It makes me wonder where is the line between our faith spirituality and our political nationalism? Why is it that there has been so much vocal uproar about Rev. Jeremiah Wright's comments intended to challenge what he considers to be blind, ego-centric nationalism, and none about the efforts of the Alliance Defense Fund to act so that churches can become press release outposts for specific political candidates? Why is the church so often so quick to get into bed with politicians and political machinery in order to scratch their back? They is the community of 'believers' so quick to polarize itself, pointing fingers at the opposing side in terms of politics while forgetting that the New Testament writes (in Hebrews) of our call to be sojourners, to be resident aliens, recognizing that our home kingdom is of another world, not so that we live in a reclusionary, escapist way, but rather that we engage our world in a subversive, prophetically challenging way.

I'm a huge Obama fan, believing that he alone is the candidate that can address and motivate our national community in the ways and areas that need to emerge in the next few years, but I'm not going to preach that in church. My identity as a follower of Jesus is much more important than my passport, or my membership in a political party. Why is it that in our efforts to integrate faith and spirituality into all aspects of our lives, we tend to do so at the expense of our faith and spirituality? Are we incapable as human beings of true integration?

Friday, May 09, 2008

Oktoberfest in the Dimond
Saturday, October 4th

I was hanging out in the Dimond and talking my way through the area and ended up at my favorite of faves Paws & Claws where I heard some exciting news about the 1st ever (as of the past few years at least) Dimond Oktoberfest Party scheduled for October 4th. It's being organized by a professional party planner that heads up the annual Montclair Wine & Jazz Festival. They've also already acquired the right to close down MacArthur Blvd from Canon to Fruitvale Ave. to have plenty of space for the beer, music & fun. Can't wait.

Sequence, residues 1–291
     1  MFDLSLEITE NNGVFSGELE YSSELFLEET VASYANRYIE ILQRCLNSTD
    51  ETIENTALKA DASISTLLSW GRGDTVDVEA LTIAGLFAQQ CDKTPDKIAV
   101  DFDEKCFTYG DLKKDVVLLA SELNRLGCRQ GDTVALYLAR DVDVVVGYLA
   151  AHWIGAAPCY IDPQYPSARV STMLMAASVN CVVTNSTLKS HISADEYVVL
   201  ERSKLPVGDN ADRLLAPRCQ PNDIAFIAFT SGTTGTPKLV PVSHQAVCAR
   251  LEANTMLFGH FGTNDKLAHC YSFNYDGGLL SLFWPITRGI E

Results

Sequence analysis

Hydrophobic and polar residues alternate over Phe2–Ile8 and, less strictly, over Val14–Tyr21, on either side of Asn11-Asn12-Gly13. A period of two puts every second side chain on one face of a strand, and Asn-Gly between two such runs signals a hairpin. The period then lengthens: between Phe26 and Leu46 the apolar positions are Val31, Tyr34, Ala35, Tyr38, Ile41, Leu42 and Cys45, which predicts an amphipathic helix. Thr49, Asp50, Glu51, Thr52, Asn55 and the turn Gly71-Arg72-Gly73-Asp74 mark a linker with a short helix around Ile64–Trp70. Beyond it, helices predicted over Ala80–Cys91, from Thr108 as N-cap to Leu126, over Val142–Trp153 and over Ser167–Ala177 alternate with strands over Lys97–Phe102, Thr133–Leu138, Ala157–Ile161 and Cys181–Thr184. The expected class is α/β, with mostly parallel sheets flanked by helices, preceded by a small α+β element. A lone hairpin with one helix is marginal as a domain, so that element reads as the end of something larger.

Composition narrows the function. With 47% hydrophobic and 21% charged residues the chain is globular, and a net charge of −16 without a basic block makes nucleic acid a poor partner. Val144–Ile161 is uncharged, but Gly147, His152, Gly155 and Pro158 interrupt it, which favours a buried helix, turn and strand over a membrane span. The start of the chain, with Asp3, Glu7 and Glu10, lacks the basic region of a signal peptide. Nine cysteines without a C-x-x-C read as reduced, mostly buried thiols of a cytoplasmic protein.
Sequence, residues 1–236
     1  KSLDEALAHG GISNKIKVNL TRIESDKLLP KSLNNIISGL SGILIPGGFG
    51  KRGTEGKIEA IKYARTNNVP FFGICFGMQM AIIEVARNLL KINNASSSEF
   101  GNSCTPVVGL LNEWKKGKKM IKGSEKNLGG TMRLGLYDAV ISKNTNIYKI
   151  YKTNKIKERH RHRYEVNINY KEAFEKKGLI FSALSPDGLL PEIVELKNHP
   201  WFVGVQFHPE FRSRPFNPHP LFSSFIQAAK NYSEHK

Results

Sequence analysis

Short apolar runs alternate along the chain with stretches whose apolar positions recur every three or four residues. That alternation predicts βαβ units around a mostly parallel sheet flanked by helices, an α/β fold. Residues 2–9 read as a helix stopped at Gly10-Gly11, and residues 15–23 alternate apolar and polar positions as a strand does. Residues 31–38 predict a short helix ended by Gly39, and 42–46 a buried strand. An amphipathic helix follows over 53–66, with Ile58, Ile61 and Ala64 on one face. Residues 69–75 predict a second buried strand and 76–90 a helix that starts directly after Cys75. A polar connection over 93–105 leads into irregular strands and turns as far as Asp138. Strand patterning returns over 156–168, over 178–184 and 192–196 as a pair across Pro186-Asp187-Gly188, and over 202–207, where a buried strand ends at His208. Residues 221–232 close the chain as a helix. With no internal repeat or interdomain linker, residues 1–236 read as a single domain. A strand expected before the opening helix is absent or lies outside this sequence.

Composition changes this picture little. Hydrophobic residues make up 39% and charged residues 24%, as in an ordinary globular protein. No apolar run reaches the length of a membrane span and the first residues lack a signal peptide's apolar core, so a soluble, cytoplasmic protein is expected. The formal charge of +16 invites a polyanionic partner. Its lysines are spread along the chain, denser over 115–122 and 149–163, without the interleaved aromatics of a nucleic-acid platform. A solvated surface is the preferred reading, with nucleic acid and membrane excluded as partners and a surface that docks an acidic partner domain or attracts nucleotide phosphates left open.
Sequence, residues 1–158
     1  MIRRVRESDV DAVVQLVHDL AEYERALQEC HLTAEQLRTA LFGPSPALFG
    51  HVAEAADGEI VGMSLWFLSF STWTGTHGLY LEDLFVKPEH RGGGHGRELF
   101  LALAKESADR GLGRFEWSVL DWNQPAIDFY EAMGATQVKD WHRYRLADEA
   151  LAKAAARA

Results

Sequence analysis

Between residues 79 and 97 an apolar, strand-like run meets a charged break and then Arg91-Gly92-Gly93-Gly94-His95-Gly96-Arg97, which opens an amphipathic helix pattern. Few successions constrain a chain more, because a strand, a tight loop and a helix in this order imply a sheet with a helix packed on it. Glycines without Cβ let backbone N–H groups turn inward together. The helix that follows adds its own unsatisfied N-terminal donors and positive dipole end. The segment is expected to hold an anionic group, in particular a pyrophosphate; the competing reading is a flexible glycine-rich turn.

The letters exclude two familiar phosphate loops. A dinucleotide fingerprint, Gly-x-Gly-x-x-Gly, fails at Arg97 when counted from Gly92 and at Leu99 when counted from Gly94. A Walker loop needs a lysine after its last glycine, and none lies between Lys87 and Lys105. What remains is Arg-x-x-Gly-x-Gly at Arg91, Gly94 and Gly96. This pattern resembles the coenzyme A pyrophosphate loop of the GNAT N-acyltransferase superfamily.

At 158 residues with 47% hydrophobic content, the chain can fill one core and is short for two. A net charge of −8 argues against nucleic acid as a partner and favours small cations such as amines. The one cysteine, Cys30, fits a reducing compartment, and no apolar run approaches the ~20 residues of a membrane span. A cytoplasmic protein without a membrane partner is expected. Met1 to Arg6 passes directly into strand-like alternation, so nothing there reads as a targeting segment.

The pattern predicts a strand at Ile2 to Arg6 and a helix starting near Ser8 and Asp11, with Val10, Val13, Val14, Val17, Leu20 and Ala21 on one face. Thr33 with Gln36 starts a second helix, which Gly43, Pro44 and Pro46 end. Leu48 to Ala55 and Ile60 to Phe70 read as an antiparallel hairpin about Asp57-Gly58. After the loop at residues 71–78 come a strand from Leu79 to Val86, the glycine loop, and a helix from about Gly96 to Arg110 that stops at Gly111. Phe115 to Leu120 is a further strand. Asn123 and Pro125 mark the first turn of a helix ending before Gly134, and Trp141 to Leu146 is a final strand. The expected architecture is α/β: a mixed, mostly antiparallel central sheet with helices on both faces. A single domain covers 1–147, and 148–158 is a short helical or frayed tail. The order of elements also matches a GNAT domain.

Thanks to Tim Chapman for the help!!!

More info also at

Wednesday, May 07, 2008

Jesus for President
Monte's Book Club
Entry 2

I just returned from a meeting a friend invited me to tag along to about "Jesus for President" and how the authors Shane Clairborne and Chris Haw are going on a speaking tour this summer, including coming to Grace Cathedral in SF on July 11th @ 7pm.

As we talked during the lunch gathering I was struck by someone's wording of their interpretive take on the book - are we identifying ourselves with our baptism or with our passeport? I know I use one to leave the country and the other to get through each day and as a compass. It doesn't seem provocative to me to challenge being American vs. being a follower of Jesus...but it can be, and is when we confuse things and it gets all muddled up like mix-matched socks in the dryer.... Who said what? What is caesar's? what is God's? So what do we give to who? Where do influence and affluence cross and become the same narcissistic self-serving thing? Where do we cross over from talking about serving the poor, the orphan, the widow, and the foreigner to actually doing it - not as a mission trip, but a daily vocation, lifestyle and worldview? Where I live it's every day that I'm fac
ed with this in my neighborhood, at the church I serve, all throughout my city. A friend talked today of the city - seems like a lot of faith communities in the city raise up followers expecting them to go and serve elsewhere as there an underlying assumption that no one will stay in the city because it's too poor, too nasty, too -un-pretty, too negligeable,....and maybe too late? I'm looking forward to seeing how the author's talk about this in the book, for they're city-folks....

I was always told to keep faith and politics separate in my words and sacramental actions as an ordained clergy person representing the church community.....yet how can political action & reflection be distinct and
disparate from faith if it's the foundational experience of God's overwhelming presence that shapes and gives meaning to all that we do, say and are?

To learn more about the upcoming book tour check out the book website at with, outakes & appendixes, and counter propaganda (including this cool amish homeland security t-shirt).